I address this week’s blog post directly to college students.
If you know one—especially a first-year or first-generation college student—
please, pass this along.
Nearly two decades ago, a math colleague of mine (Florida State College at Jacksonville, Downtown Campus) passed along a nugget of wisdom that I still remember. On morning, we shared some of the struggles and challenges many of our students were facing on a daily basis. While many of the students lacked basic academic skills, all of them had non-academic challenges to address; challenges that presented obstacles to their progress. My colleague simply stated, “Steve, we teach so much more than math (history, English, or science).”
How true, then—and today. Back on December 9, 2012, I posted advice from my students about how to succeed in college. You will see that their suggestions focused on basic (non-cognitive) life skills. And the colleges and universities I have been working with over the past few months consistently asked me to address non-cognitive (“non-academic”) skills that students need to master.
This week, I address my blog directly to college students. If you know one—especially a first-year or first-generation college student—please, pass this along.
There are no shortcuts when it comes to academic standards. You have to know how to read, prepare for tests, complete tests, take notes, and glean main points from class lessons. Basic study skills will help you reach your goal of graduation. You, also, need to pay attention to the following four interrelated areas for personal development. I will follow-up on these in my free webinar on August 5.
Relationships. Your success in large part will be affected by the relationships you build in and out of the classroom. John Maxwell (leadership expert) has said that we rise to the conversations around us. Pay attention to the conversations around you. Run from those people who pepper you with defeatist and negative talk.
- “Audition” or “interview” your classmates. Not in a formal way. Rather, pay attention to the students in your classes. Look for clues as to who seems to “get” the content; who appears to be diligent; and who acts in a civil manner. Start this on day one of the semester,
- Find an advisor/counselor and develop a working relationship—early.
- Locate your professor’s offices the first week of classes. Know where they “live” on campus. Make it a point to visit each one at least once before the end of the 2nd week of school. Be on the lookout for mentors.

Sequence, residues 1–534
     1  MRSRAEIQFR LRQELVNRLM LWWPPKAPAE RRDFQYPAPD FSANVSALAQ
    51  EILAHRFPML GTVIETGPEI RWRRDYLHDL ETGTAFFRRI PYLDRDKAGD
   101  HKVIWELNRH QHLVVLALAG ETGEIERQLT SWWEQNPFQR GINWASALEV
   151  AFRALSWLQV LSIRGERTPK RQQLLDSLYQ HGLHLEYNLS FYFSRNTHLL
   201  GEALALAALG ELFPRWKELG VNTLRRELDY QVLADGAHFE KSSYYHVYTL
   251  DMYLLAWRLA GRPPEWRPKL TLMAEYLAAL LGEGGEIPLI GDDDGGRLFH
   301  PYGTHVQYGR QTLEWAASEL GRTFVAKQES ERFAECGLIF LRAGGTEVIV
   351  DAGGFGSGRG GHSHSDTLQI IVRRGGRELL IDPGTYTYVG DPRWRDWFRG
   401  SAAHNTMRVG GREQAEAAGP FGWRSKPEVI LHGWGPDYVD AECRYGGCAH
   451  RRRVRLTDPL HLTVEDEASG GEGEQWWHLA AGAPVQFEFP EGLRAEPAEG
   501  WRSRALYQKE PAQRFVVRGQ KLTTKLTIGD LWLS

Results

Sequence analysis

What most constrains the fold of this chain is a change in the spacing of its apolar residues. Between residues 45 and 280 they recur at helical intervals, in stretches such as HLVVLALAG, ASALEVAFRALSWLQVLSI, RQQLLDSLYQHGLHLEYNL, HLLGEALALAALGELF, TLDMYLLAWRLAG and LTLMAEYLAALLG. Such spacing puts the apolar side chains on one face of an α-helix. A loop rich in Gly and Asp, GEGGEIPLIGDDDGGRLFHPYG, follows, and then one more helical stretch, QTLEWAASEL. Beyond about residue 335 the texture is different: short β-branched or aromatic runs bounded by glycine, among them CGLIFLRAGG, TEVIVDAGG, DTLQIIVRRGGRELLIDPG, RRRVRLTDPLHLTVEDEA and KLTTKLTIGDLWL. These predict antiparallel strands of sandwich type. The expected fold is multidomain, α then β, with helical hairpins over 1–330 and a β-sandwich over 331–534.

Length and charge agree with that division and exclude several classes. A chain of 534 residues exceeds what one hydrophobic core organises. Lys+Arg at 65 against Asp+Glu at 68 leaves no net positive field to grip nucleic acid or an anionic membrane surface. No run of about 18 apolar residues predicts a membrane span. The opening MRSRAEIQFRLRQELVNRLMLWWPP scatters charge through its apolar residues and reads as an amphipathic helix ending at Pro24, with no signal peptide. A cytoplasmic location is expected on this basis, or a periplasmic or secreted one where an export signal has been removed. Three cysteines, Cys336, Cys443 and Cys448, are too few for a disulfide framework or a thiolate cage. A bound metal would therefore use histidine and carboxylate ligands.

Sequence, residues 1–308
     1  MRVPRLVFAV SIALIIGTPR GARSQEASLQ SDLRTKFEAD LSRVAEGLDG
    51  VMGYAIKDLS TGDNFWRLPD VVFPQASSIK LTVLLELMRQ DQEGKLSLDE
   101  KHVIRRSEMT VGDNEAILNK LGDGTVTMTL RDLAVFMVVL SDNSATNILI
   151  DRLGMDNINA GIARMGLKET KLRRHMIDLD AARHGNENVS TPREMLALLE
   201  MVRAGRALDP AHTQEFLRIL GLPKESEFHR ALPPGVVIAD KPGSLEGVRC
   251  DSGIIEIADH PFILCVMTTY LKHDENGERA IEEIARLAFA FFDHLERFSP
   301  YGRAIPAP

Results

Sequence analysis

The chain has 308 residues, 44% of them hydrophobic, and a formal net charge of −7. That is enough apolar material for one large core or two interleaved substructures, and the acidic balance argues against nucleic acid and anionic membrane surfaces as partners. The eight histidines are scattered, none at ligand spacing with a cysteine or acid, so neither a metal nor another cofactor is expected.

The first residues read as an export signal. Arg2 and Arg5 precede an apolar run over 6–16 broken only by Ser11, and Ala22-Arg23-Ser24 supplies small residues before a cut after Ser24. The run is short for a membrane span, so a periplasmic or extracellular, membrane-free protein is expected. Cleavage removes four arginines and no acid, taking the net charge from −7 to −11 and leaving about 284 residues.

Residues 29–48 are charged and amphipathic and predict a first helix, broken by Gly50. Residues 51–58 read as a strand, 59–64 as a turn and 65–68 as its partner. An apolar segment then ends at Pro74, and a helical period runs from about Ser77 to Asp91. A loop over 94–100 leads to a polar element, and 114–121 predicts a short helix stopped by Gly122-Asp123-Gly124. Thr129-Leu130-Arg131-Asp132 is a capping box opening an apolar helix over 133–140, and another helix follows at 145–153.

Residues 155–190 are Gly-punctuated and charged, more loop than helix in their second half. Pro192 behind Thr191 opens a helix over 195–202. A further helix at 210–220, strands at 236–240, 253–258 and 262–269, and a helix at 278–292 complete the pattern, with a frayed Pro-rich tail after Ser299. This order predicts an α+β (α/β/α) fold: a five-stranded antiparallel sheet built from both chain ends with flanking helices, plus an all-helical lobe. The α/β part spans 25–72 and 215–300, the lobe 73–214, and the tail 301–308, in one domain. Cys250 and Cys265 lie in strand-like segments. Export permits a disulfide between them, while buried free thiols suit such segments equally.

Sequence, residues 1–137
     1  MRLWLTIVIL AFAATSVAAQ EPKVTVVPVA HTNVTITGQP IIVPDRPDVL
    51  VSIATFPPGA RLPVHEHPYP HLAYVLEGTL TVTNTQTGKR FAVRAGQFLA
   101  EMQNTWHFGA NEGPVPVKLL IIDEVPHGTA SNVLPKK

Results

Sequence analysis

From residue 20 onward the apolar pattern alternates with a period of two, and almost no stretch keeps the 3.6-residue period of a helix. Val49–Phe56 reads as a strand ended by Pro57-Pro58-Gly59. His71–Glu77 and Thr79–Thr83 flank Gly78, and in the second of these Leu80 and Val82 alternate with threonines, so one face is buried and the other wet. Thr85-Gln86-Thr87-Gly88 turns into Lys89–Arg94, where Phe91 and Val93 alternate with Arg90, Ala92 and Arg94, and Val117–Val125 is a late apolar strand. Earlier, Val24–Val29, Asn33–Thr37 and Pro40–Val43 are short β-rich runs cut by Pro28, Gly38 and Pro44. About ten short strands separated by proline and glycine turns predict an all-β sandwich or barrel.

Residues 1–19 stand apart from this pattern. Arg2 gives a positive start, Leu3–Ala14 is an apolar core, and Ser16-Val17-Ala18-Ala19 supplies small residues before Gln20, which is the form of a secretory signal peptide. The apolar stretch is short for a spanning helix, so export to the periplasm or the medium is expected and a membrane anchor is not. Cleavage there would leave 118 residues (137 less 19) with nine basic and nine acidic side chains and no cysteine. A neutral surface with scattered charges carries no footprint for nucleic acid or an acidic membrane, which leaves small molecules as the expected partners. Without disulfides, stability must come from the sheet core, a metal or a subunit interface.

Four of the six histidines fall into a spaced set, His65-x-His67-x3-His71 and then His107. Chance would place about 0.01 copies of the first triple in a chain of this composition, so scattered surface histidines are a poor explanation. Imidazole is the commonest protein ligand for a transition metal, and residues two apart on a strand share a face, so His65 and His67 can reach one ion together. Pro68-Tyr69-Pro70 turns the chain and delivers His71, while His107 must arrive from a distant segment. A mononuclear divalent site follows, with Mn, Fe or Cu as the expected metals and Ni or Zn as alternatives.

Resources. You will never be in another place in your life where there are SO MANY resources dedicated to your success. Your college may have opportunities such as tutoring, financial aid, career counseling, disability services, veteran services, programs for displaced or at-risk populations, exercise programs, childcare, workshops on financial planning, and community services to name a few. You have to do two things, however:
- You have to know about them
- You have to use them.
Video recommendation for the week:
Priority Management. Remember, you cannot manage time. What you can do—and must do—is manage your priorities. By the end of your first week of classes do, at least, the following:
- Transfer all of your due dates (assignments, quizzes, tests, special projects) from your syllabi to your calendar. Don’t have a calendar? Get one (paper or electronic).
- Identify what your non-negotiables are—those things that you will not compromise away. The things you will always make sure to address. Place these on your calendar.
- Get rid of three words: Try, But and Can’t. They are demotivators and will take you away from your priorities.
Personal Well-being. If you don’t take care of yourself, if you do not maintain a sense of balance, how will you be able to reach your goals?
- What are you doing to maintain your dimensions of well-being?
- Make your well-being part of your non-negotiables—and block out time on your weekly priority management list.
- Your relationships and campus resources can help (see above).
Success is the product of small yet consistent choices you make and do each day. You don’t “start college” the first day you walk on campus. Get ready before the first day of classes. Consider the four areas above; make a goal in each area today. Develop a plan, today. Get your “game face” on.
Make it the best semester of your life!
Enjoy your week—and H.T.R.B. as needed!
On August 5, I will offer my next webinar. The topic: It Takes More than Academics to Succeed in College. Take advantage of this complementary offering. Click here to register now for the webinar. Or go to my website for registration information.
Thank you for taking the time to read my blog post. Please share it (and any of the archived posts on this site) along to friends and colleagues. You also can follow me on Twitter, LinkedIn, and Facebook. If you get a chance, visit my Facebook page and join in–or start–a conversation (www.facebook.com/stevepiscitelli). If you have suggestions for future posts, leave a comment. Make it a wonderful week!
©2013. Steve Piscitelli
We have adopted your textbook “Study Skills: Do I Really Need this Stuff?” for the Fall 2013. I have looked on the Pearson Website for a test bank and have asked my Sales Representative. She said she does not have one. I was wondering if there is one available with the text and if perhaps you might share?
Somerset Community College
808 Monticello Street
Somerset, KY 42501
Direct Phone: 606-451-6658
Higher Education Begins Here!
Hi, Kimberly. Thanks for the note. I believe that the test banks are withing the MSSL platform(?) I will send an email for information–and will cc you on that email. I do not have a test bank. 😦 Let me see what I can find for you.
You could definitely seе your skils in the work yoս write.
The world hoρes for more passionate writers like you who are not afraid to say how they believe.
Always follow your heart.